Westchester County is home to a number of species of owls, though it is somewhat rare to see one. Many are nocturnal, of course, though some are crepuscular, meaning most active at dawn and dusk. They are very good at camouflaging with the trees and hiding in sheltered spots. Their hearing is unbelievably good–most have ears set at two different levels on their head, so they can triangulate the exact spot a sound is coming from, which comes in very handy for hunting. Owls can turn their heads about 270 degrees, which makes up for the lack of movement in their large eyes. They eat small mammals, amphibians, birds and insects. They don’t typically make their own nests, but may co-opt another large bird’s nest or just find a nice hollow tree for their eggs.
Barred owls seem to be the most commonly seen and heard in northern Westchester. Their gray-brown and white feathers are horizontally striped on wings and back, and mostly white with vertical streaks on the front. They don’t migrate, and tend to stay in the same general area. Their call sounds like “Who cooks for you?” though it can vary.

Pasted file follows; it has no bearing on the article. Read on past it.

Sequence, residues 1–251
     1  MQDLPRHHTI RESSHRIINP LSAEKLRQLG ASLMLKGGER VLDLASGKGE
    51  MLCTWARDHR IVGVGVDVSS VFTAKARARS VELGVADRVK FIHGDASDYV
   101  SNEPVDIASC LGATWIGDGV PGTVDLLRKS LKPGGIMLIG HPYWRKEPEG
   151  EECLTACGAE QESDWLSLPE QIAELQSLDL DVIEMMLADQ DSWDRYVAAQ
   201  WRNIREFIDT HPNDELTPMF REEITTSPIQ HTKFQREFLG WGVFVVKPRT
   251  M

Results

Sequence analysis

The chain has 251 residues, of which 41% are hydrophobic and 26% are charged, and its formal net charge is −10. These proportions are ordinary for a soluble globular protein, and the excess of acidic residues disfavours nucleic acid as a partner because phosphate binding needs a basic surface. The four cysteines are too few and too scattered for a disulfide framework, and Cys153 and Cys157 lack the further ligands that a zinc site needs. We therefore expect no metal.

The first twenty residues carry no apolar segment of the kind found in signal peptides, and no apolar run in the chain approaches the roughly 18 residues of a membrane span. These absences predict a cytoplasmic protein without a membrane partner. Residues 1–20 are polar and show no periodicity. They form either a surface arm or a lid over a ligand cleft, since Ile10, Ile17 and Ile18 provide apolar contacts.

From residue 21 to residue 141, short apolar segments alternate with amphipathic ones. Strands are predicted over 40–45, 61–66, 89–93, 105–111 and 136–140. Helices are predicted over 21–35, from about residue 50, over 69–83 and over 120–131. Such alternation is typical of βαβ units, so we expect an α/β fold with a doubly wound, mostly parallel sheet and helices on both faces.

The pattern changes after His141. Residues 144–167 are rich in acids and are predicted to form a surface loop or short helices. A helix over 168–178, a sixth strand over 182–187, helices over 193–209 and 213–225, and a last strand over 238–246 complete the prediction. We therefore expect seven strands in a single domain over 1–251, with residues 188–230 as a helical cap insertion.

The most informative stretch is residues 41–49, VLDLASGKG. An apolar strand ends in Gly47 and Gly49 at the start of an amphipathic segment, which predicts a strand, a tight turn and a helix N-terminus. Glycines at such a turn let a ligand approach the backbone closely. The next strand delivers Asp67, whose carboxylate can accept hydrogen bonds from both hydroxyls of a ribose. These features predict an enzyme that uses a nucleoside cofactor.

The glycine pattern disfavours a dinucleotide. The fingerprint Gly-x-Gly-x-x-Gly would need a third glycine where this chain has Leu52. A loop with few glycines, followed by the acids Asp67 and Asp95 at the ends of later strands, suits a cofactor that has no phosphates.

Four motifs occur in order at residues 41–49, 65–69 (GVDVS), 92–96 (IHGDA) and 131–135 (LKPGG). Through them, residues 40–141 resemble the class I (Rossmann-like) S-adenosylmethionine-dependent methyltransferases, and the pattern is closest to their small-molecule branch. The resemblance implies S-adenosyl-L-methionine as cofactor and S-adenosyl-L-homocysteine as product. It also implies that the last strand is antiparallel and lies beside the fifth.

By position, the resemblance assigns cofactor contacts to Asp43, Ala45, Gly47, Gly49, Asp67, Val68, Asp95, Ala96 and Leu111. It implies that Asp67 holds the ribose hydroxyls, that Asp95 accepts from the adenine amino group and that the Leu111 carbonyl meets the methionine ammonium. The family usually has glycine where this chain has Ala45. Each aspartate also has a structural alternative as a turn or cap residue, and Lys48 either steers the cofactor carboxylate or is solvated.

Eastern Screech Owl
Eastern screech owls are small–only about 8 inches tall–and can be either reddish or gray in coloring. They live in trees, and like to be near water, but they can often be found in suburbia. Their calls are described as a whinny or trilling sound.
Great Horned Owl
Great Horned Owls are the largest owls to be found in Westchester, and they can eat larger prey, including hawks and other owls! They can be found in varied habitats throughout North America. They have a stuttering call, which sounds like hu-hu-hu-HOO-HOO.
Northern Saw-Whet Owl
Northern saw-whet owls are tiny–less than 8 inches tall! They have reddish-brown and white feathers which are darker on the back and paler and streaked on the breast. They prefer dense forests and roost in evergreen trees, near the trunk. They make a rhythmic, repetitive tooting noise.